God got Moses’ attention when he was living in Midian as a shepherd, far removed from the splendor and glory he had known in Egypt. For 40 years, he had lived this humble existence. His life had been reduced to a predictable and routine stability, tending the flocks, looking forward to the ease and comfort of retirement. No one had bothered him, not even God.

Then one day, Moses got a wake-up call. He saw a bush burning, but it wasn’t so much that the bush was burning, it was that the bush did not burn up.

What can we learn from Moses’ experience?

God Often Appears When We Are at Our Lowest
Moses was 80 years old, living in the desert, working for his father-in-law as a shepherd, a role usually reserved for young boys. He was about as low as anyone could go. He was about as far removed from civilization as anyone could be. He was about as broken as anyone has ever been. He was about as lonely as anyone could imagine.

In the movie The Hiding Place, one scene portrays Corrie Ten Boom telling the Lord she wants Him to use her in whatever way He pleases, even if it means in obscurity. Soon after that, she is taken prisoner by the Nazis, along with her father, from whom she is separated. Her father dies in the death camp, and she is forcibly removed from her beloved sister. The Nazis shove Corrie into a cold, damp cell in Germany. As the scene closes, she is lying in a corner, shivering. With tear-filled eyes, she whispers to the Lord, “But God, I didn’t know I would have to be alone.”

If you find yourself in a desert, don’t curse the desert. Instead, look for God. When you feel low, broken and alone, it may be God’s burning bush in your life. He is using your wilderness experience to get your attention.

When God Appears, Give Him Your Undivided Attention
If the president appeared, we would stand. If a long lost friend showed up, we would hug him or her. If a stranger showed up, we would introduce ourselves. There are proper responses to most every person we meet. What is the proper response when God shows up in our lives?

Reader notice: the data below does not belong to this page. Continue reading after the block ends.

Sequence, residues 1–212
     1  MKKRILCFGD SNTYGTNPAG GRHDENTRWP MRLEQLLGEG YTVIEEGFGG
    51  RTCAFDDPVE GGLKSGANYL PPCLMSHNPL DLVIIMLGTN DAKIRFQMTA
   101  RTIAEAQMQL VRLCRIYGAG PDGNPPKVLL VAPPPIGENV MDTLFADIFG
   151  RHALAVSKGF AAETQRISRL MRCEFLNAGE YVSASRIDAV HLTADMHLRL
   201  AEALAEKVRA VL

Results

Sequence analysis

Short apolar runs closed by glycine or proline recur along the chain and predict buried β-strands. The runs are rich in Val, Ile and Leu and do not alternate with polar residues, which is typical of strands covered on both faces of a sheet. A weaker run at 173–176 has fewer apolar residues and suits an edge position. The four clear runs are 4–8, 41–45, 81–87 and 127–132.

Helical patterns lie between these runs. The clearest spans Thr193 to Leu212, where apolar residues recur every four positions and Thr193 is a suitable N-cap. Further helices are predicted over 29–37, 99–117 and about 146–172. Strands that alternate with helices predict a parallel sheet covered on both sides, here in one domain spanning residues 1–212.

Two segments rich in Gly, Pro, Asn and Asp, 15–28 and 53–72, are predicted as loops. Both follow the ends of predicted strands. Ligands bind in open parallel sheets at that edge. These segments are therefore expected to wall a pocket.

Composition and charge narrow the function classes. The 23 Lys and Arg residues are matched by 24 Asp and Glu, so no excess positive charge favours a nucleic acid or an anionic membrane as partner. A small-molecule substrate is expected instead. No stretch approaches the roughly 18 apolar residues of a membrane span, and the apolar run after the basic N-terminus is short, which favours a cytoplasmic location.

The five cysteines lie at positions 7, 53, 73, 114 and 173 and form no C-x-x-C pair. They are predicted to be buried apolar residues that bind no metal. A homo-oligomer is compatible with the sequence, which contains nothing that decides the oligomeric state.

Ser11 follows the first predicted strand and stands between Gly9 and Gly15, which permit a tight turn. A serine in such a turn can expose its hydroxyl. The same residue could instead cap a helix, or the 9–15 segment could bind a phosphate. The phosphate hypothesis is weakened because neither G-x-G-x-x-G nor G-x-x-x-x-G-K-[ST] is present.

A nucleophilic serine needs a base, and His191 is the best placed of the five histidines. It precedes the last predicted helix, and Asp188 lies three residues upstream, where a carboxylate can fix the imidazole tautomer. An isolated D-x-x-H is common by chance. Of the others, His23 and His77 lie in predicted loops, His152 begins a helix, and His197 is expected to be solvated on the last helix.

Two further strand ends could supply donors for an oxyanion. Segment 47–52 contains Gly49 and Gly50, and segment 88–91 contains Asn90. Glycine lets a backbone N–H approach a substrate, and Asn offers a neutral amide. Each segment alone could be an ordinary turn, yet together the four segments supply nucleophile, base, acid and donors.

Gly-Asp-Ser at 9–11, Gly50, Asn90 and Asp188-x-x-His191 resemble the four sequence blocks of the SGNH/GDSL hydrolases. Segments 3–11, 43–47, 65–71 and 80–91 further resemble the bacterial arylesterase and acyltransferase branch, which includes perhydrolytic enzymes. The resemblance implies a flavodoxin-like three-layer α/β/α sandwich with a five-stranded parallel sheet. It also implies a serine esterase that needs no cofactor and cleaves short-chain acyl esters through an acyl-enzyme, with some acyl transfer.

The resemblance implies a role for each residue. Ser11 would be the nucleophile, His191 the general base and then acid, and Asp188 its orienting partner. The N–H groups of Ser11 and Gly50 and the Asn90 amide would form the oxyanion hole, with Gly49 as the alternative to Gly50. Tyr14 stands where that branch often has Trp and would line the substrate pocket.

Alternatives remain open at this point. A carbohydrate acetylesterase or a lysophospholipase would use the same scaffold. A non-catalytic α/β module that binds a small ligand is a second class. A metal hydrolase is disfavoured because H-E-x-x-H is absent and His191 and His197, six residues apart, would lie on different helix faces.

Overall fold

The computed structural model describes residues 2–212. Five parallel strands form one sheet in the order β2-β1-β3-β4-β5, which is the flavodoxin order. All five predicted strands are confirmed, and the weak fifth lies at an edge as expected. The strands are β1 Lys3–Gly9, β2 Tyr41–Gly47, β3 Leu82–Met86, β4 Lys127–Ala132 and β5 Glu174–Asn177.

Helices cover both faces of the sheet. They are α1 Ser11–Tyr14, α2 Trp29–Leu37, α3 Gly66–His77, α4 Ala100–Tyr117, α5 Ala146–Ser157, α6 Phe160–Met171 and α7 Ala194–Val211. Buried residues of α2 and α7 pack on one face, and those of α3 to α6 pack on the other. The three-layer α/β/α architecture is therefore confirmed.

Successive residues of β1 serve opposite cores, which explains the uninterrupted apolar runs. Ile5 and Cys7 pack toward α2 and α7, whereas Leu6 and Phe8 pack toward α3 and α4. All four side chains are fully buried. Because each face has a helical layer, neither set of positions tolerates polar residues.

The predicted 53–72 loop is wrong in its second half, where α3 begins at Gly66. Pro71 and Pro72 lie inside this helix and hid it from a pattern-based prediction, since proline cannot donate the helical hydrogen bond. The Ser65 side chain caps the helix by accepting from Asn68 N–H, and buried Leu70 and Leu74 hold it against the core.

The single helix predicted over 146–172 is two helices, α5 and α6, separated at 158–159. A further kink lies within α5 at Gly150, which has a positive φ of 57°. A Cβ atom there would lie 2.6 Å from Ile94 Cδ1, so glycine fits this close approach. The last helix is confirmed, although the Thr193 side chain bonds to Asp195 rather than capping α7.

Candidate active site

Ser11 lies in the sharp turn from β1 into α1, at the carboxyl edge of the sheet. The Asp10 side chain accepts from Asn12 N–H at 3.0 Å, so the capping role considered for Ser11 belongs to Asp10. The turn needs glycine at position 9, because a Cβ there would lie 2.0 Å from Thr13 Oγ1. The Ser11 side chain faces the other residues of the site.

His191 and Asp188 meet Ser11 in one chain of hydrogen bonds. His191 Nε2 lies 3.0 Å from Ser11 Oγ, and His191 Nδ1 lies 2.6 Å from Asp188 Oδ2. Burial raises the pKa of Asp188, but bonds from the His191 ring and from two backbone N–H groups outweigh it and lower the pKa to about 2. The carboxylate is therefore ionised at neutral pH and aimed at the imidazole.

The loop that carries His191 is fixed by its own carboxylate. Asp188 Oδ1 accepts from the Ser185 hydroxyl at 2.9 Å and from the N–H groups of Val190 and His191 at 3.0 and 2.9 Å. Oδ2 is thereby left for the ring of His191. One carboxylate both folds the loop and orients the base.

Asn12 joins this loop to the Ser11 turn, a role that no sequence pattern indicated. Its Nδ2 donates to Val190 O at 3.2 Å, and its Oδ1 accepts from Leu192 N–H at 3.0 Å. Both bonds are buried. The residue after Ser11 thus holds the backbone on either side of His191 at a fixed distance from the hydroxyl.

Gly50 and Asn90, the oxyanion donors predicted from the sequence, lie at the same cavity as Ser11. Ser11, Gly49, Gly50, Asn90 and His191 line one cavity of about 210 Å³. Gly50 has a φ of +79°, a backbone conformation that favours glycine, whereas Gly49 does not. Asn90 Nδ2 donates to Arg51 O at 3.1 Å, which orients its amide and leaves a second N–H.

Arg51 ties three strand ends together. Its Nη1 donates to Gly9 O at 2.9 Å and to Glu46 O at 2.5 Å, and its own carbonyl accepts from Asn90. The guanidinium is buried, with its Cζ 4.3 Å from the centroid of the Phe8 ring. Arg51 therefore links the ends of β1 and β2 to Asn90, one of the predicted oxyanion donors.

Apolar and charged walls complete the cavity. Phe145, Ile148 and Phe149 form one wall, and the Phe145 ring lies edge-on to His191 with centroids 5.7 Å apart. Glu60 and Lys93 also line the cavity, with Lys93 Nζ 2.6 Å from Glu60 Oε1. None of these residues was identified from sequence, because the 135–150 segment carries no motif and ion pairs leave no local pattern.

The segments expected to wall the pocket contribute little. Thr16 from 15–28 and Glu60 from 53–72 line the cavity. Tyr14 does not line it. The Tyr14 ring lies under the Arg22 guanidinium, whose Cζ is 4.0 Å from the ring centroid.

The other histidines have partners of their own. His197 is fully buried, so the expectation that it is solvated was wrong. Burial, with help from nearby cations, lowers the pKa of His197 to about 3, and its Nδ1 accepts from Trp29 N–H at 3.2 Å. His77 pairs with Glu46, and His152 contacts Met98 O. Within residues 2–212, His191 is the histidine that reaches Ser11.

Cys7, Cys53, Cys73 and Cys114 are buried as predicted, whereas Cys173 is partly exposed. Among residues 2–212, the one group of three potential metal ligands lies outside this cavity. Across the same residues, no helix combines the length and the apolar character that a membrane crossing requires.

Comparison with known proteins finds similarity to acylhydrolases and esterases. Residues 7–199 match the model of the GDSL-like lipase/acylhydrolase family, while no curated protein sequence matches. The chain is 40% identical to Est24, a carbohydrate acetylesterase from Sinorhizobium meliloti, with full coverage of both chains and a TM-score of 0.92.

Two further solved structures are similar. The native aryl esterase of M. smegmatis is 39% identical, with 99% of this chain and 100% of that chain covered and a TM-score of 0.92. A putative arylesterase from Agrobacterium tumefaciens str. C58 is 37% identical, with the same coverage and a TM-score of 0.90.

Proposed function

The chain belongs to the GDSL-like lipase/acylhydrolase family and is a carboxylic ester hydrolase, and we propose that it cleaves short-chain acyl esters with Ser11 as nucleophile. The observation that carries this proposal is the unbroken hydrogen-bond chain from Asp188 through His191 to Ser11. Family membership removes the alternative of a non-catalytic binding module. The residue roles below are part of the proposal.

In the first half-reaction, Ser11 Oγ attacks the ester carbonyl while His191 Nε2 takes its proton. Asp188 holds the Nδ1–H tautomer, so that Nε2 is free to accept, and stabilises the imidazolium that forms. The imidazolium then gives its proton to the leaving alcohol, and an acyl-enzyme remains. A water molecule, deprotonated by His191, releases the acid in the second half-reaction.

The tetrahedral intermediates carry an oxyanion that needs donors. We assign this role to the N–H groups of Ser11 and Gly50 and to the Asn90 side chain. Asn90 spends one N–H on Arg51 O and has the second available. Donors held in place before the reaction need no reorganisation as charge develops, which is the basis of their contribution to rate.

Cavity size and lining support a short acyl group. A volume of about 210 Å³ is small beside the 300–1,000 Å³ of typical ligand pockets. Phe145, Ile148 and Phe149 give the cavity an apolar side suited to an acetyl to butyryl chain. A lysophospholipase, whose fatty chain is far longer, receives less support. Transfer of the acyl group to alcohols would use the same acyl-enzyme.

This text gives us a clue. Moses walked toward the burning bush, and God spoke to him, “Moses, Moses.” Moses said, “It’s me.” God said, “Take off your sandals, for the place where you are standing is holy ground” (Ex. 3:5, NIV). Taking off his shoes reflected a common attitude in the presence of that which is holy and remains a custom upon entering a mosque or other holy place in the East today.

For Moses, this was a holy moment and a holy place. It was an intimate moment so precious that God wanted nothing between Moses and Himself. God did not want any unconfessed sin. Moses’ sandals represented those things in Moses’ life that were unclean. God wanted Moses to slow down. God wanted Moses to think about Him more than his comfort.

A great tragedy in our Western culture is that we fail to give God our undivided attention. We place our own comfort and desires before God. We always are running and never taking the time to be still in God’s presence.

God Gets Our Attention for a Reason
God had seen the misery of His people in Egypt. He wanted someone to request their release from the Egyptian Pharaoh. He wanted someone who knew Egyptian culture, language, policy, law and mindset. Who was better to handle that task than Moses? God got Moses’ attention to call him into service to lead the children of Israel out of slavery and into the Promised Land.

God gets our attention because He has something He wants us to do. He always calls us to action. What is God calling you to do? If you are similar to Moses, think about your situation: You are in the desert, and God has got your attention. Now what would God have you to do? 

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